The supposedly one-of-a-kind Nintendo PlayStation has finally been sold at auction, and it seems that the buyer got a great deal at $380,000 compared to what many expected to be the final selling price. Owner Terry Diebold announced his intention to sell the rare console last year, stating that he had previously turned down an offer of $1.2 million.
If that offer was real, there must be some major regret felt right now.
During today’s live auction session, the bidding sat at $280,000, with one additional bid added to bring the final price to $300,000. With the addition of the $80,000 fee for Heritage Auctions, that brings the total sale price to $380,000. Oculus co-founder Palmer Luckey was often in the spotlight during the bidding process, making it clear that he was driven to win. At the moment it has not been confirmed that Luckey was the winner of the auction, and no one else has claimed that distinction either.
The final price is likely a surprise to most as far below the previous offer claimed by Diebold previously, especially with the publicity generated over the past few years. The key point to understand is that attempting to sell these types of extremely rare collectible items is that the market is about as narrow and specialized as it could possibly be. There may well be an individual who would pay over $1 million for the Nintendo PlayStation, at another time and in different circumstances.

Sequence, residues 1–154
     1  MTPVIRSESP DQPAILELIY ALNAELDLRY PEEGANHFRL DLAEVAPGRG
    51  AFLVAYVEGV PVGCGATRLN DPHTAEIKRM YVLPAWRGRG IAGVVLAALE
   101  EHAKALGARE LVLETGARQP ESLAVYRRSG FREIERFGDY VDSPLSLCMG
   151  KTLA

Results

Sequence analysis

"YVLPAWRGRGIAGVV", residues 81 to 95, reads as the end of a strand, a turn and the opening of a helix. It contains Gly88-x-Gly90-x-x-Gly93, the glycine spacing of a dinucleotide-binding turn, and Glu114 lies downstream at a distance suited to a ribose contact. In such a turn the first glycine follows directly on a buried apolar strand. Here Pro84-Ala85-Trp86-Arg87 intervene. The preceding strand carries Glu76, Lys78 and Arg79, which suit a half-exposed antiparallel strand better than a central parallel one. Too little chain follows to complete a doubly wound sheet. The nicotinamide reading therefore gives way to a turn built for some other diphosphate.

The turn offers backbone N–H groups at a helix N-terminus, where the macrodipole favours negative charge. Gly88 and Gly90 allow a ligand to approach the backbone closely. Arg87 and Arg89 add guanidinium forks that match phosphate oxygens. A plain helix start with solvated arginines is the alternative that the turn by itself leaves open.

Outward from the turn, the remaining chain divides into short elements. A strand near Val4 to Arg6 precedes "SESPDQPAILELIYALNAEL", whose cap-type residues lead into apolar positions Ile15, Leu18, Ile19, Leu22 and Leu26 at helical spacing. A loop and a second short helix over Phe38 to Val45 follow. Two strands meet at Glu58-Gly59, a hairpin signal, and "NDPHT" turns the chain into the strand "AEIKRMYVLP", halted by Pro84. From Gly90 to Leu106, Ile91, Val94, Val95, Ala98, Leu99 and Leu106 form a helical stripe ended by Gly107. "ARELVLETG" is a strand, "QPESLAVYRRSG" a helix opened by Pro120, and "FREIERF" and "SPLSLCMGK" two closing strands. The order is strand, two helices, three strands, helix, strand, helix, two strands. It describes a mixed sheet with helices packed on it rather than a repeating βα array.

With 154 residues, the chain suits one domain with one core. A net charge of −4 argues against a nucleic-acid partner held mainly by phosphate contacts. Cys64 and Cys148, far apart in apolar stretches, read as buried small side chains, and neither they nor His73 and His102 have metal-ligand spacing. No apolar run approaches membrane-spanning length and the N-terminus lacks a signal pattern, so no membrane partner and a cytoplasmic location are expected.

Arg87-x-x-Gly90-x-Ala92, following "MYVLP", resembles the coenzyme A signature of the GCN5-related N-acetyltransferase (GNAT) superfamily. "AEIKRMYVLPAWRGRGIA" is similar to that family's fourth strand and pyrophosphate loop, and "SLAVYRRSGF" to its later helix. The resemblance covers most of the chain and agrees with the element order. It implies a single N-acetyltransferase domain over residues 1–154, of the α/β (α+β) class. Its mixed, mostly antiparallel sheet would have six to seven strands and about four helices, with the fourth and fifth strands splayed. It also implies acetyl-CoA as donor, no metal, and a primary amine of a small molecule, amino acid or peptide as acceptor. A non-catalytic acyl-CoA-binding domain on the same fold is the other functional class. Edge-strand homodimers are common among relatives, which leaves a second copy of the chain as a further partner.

Still, the amount has set a record for highest price paid for a piece of gaming history. In 2019, a rare, sealed copy of Super Mario Bros. for the Nintendo Entertainment System sold for $100,150 USD at auction. At almost four times the amount, it would take another truly miraculous piece of gaming history to beat the amount set by the Nintendo PlayStation.
The journey of the console has been a fascinating one. The rare prototype was created as an early design for what would eventually become the Sony PlayStation during the early days when collaboration with Nintendo was in place and was owned by former Sony Computer Entertainment America president Olaf Olafsson. Diebold acquired the console during a bankruptcy auction, and then stored it in his attic, where it sat until 2015 when his son, Dan Diebold, noticed that they were in possession of something extraordinary.
While more Nintendo PlayStations were confirmed to have been built as prototypes, this one sold today represents that only one that is confirmed to still exist. We may see another pop up in the future, possibly also stored away unsuspectingly in storage as well.
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